d The “*” symbol denotes significant antagonism based on a two-sided t-test between observed and expected values. Expected values are based on Colby’s equation [E = (X + Y) − (XY)/100]. Expected values can only be calculated when two herbicides in the mixture have POST activity on the species.

e Rate is in g ae ha−1.

Barnyardgrass

2,4-D Experiment

All herbicide mixtures evaluated with Colby’s method were antagonistic for barnyardgrass control and density reduction at both weed sizes (Table 9). All treatments were also antagonistic for height reduction, except for glufosinate plus glyphosate and 2,4-D plus glufosinate plus glyphosate K plus S-metolachlor applied to 10-cm weeds, which was additive. As explained previously, expected values for the treatments containing three and four herbicides were calculated for barnyardgrass from the two herbicides that have POST activity (glufosinate and glyphosate). When glyphosate DMA was applied as a premix with 2,4-D, a reduction in barnyardgrass control was observed relative to glyphosate DMA alone for both application timings (i.e., 10- and 30-cm weeds). Flint and Barrett (1989) reported greater shoot and root fresh weights for johnsongrass treated with glyphosate plus 2,4-D, compared with glyphosate alone. In addition, 2,4-D increased the rate of glyphosate required to kill three monocot species when applied as a mixture (O’Sullivan and O’Donovan 1980). The premix of glyphosate DMA plus 2,4-D was also antagonistic for height and density reduction when applied to 30-cm barnyardgrass.

Table 9. Barnyardgrass control 5 wk after treatment, height reduction, and density reduction as affected by herbicide treatment and weed size for the 2,4-D experiment.

a Height and density reduction are expressed as a percentage of the nontreated control.

b Abbreviations: Exp, expected value; NS, not significant; Obs, observed value.

c The “^” symbol indicates a mixture that provided significantly less control compared to at least one of the herbicides alone based on the LSD. NS indicates the mixture was similar to both of the herbicides alone.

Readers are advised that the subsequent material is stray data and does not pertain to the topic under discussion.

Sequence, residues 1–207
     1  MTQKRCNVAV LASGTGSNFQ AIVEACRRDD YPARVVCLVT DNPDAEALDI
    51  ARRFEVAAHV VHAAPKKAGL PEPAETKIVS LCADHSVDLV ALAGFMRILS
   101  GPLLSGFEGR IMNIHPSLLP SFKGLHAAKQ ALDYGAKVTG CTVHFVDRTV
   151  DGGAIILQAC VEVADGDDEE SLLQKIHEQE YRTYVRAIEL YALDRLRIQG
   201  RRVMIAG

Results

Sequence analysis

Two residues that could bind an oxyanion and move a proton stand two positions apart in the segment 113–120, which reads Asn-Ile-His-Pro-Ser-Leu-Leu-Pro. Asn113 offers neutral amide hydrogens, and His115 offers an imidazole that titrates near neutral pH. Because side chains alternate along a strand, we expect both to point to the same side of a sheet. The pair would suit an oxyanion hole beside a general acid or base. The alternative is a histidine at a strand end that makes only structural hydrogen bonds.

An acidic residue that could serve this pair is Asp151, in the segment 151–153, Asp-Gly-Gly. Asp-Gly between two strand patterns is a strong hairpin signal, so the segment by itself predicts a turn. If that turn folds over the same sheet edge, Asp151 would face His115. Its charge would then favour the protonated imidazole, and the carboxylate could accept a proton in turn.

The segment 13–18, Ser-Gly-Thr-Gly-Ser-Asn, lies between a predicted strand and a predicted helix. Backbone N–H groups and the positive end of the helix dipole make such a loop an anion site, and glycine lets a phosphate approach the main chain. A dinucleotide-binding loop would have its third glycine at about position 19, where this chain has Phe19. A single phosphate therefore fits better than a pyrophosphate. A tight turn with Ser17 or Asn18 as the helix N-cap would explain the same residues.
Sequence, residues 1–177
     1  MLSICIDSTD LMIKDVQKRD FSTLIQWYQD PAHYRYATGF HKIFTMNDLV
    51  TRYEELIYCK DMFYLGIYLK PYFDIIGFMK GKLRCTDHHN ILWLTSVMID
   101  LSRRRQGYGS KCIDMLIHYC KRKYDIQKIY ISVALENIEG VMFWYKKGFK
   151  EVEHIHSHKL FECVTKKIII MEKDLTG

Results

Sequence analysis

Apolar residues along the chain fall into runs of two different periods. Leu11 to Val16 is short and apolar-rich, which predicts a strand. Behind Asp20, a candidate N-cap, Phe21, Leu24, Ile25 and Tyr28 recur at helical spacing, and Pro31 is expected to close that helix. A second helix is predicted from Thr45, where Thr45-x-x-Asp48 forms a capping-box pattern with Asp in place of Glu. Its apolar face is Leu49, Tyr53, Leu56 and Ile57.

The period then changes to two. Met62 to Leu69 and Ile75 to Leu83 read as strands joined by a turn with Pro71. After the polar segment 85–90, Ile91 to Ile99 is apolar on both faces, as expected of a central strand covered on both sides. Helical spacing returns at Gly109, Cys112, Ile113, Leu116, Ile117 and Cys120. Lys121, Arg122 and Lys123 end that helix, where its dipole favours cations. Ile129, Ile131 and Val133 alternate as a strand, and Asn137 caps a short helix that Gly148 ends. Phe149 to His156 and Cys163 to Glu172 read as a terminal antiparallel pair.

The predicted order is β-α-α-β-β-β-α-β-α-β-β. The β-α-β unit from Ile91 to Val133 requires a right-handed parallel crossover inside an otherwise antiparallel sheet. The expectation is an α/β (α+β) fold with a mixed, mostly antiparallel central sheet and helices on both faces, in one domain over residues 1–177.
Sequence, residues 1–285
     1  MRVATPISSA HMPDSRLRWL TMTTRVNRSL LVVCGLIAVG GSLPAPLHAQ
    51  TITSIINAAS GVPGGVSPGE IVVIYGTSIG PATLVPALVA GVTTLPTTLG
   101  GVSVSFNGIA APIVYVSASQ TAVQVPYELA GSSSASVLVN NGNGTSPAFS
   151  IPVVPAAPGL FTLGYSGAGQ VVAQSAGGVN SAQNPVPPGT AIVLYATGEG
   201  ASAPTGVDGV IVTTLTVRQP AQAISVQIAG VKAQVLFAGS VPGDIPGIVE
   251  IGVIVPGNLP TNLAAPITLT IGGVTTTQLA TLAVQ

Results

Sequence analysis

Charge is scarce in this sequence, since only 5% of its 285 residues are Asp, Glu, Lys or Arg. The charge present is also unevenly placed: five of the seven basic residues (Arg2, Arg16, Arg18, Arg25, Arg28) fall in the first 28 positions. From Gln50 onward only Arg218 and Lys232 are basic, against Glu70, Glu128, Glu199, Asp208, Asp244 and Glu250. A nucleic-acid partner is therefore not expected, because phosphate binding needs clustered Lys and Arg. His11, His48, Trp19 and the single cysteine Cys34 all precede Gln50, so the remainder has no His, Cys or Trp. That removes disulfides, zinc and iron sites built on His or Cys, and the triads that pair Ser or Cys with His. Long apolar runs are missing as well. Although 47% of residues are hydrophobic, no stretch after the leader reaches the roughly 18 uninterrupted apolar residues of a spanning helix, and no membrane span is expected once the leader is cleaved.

d The “*” symbol denotes significant antagonism based on a two-sided t-test between observed and expected values. Expected values are based on Colby’s equation [E = (X + Y) − (XY)/100]. Expected values can only be calculated when two herbicides in the mixture have POST activity on the species.

e Rate is in g ae ha−1.

Dicamba Experiment

All herbicide mixtures evaluated with Colby’s method were antagonistic for barnyardgrass control and height reduction (Table 10). All mixtures were also antagonistic for density reduction, except dicamba plus glufosinate plus glyphosate K plus S-metolachlor, which was additive. Much like the antagonism observed with glyphosate DMA plus 2,4-D in the 2,4-D experiment, a reduction in barnyardgrass control was observed when glyphosate K plus dicamba was applied to 30-cm weeds, compared with glyphosate K alone. Meyer et al. (2015b) observed a reduction in barnyardgrass control from mixtures of glyphosate plus dicamba. Flint and Barrett (1989) and O’Sullivan and O’Donovan (1980) identified antagonism of glyphosate plus dicamba when applied to monocot species. Glyphosate K had similar control and density reduction as all other treatments when applied to 10-cm weeds, except for dicamba alone. However, when applied to 30-cm weeds, glyphosate K alone provided greater control (91%) and density reduction (86%) than all other treatments except for 2,4-D plus glufosinate plus glyphosate K plus S-metolachlor.